Another issue we've identified is contracting out work. the Bush administration set that as a priority. They had language passed to allow the IRS to contract out collection work. ...So we're hoping the new administration will review all the contracts and where the work isn't being done well; let's bring it back to the federal government.
Q: Has the Obama staff been receptive?
A: Yes. We have worked with the transition team, given them suggestions; and throughout the campaign, President Obama talked about working with the federal employees and unions. He's recognized the contributions federal employees make. I was just at the White House (Jan. 30) while he was signing some executive orders to undo some things the prior administration did.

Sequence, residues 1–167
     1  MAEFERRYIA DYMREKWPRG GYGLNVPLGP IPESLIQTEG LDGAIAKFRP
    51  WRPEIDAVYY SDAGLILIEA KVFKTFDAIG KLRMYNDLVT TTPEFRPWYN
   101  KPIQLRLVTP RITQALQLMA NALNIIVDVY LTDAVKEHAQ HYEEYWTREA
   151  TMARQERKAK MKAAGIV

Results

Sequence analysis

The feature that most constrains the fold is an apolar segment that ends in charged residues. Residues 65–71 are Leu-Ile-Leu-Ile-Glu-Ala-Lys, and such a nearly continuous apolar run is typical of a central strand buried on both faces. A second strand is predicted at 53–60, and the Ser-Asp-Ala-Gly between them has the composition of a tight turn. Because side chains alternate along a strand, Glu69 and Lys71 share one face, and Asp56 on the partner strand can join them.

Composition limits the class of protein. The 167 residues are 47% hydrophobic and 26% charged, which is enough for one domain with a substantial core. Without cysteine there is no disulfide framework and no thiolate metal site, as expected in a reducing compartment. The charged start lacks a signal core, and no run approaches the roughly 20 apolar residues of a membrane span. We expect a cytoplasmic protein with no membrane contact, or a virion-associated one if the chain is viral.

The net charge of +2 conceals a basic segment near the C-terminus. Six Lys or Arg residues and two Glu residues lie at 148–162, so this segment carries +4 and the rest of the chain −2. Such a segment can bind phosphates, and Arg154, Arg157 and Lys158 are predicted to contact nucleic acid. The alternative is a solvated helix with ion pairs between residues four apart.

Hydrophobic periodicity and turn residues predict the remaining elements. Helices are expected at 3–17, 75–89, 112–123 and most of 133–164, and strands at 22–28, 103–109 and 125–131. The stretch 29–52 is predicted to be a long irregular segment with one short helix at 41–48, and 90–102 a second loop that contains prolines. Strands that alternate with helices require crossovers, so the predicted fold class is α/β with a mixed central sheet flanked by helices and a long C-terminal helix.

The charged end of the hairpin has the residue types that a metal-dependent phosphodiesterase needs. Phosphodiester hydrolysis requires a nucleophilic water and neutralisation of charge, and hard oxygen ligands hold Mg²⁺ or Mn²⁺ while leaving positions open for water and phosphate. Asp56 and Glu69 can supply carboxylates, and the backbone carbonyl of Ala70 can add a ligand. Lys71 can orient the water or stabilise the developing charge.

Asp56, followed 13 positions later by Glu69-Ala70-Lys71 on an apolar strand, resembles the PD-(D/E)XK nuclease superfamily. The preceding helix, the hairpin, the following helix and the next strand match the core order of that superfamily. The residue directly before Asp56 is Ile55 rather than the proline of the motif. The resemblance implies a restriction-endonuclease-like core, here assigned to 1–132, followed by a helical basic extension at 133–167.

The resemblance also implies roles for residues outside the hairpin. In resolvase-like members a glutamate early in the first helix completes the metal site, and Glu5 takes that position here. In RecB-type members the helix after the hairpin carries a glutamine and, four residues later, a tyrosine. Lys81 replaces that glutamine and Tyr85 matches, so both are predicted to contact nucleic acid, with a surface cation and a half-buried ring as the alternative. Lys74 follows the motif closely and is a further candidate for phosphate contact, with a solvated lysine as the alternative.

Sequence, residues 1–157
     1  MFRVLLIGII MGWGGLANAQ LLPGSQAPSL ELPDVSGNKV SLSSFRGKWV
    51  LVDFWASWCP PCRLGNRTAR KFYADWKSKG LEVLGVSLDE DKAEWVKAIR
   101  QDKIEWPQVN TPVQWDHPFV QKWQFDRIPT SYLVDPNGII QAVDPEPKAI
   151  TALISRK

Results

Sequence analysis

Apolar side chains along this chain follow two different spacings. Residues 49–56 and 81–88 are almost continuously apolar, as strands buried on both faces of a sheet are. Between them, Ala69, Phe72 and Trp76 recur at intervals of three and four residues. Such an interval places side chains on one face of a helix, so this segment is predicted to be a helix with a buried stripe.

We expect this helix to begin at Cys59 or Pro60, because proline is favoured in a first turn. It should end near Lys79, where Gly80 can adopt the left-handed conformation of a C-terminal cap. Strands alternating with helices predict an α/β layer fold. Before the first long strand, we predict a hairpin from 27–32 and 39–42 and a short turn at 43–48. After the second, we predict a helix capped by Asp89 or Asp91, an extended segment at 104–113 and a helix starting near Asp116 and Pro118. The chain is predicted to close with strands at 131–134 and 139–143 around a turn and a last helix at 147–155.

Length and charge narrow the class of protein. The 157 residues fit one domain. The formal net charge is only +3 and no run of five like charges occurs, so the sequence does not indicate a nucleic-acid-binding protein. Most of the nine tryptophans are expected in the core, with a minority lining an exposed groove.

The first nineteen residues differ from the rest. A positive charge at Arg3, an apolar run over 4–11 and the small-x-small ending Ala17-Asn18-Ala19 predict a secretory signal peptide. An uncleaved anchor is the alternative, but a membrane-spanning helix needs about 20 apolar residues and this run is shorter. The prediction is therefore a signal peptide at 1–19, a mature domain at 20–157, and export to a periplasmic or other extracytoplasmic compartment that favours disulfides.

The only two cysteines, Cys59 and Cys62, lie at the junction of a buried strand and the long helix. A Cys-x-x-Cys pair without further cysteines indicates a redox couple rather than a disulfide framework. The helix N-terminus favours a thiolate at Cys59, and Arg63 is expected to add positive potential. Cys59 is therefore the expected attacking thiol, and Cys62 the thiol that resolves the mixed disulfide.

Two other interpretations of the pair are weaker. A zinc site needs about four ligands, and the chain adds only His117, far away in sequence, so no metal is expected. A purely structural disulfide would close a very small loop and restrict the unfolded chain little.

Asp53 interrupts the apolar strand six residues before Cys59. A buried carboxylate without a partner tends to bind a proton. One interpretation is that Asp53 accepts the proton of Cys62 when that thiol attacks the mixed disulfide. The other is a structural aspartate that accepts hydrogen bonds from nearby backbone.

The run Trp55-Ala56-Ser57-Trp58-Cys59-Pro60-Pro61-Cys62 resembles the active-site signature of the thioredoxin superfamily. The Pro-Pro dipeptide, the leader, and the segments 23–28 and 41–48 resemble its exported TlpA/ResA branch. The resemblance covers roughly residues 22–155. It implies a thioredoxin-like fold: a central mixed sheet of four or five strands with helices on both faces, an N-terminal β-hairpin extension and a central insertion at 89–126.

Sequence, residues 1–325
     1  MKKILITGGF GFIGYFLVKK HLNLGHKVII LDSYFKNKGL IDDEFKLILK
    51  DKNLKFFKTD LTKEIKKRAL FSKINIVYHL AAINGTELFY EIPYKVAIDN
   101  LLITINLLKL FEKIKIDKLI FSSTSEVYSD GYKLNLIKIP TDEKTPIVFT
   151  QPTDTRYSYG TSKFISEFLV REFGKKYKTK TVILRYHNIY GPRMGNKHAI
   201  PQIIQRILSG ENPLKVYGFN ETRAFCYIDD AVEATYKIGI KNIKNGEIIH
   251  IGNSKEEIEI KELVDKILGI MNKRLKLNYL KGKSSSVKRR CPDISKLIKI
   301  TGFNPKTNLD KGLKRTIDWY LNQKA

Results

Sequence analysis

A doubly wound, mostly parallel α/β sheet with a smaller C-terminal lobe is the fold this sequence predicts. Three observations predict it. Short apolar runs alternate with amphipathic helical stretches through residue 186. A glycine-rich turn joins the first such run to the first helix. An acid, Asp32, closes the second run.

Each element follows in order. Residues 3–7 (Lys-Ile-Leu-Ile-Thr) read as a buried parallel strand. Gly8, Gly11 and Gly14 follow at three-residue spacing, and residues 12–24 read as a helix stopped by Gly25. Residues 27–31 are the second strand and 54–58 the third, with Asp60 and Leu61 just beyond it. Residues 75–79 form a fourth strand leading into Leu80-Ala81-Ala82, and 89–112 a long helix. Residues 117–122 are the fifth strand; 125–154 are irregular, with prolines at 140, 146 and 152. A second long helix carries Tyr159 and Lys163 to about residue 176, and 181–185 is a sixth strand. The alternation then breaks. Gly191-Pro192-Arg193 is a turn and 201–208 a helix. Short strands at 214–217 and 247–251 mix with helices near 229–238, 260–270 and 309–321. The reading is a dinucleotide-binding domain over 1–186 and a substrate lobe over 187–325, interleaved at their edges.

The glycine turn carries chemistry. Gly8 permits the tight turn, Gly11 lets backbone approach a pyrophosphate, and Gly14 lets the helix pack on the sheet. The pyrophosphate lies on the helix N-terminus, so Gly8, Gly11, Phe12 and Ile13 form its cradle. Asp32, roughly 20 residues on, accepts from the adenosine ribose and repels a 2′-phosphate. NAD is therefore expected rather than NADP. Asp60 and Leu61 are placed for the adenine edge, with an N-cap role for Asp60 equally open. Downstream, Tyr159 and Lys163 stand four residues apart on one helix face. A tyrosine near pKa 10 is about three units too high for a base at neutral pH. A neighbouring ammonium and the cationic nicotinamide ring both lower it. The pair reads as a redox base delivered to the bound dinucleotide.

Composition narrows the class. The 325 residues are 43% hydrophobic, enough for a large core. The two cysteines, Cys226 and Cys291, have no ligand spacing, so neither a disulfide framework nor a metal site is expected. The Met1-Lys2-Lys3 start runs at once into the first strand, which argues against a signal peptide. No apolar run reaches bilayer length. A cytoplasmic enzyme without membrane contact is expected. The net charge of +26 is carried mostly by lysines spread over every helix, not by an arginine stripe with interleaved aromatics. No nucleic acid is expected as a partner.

Q: Do you think the nation's economic downturn could impact the jobs of any workers you represent?
A: At this point, we have not had notice from any of the agencies about layoffs. What we have seen over the last couple of years, and I expect it will continue, is that vacancies will not be filled. In agencies like the IRS where a large part of the work force is seasonal, when budgets become an issue you'll see those seasons shortened. What we have seen is a decrease in agency funding. The IRS alone has 20,000 fewer employees than it did 10 years ago.
Q: Union membership in the private sector is on the decline. Can you maintain the union ranks in government?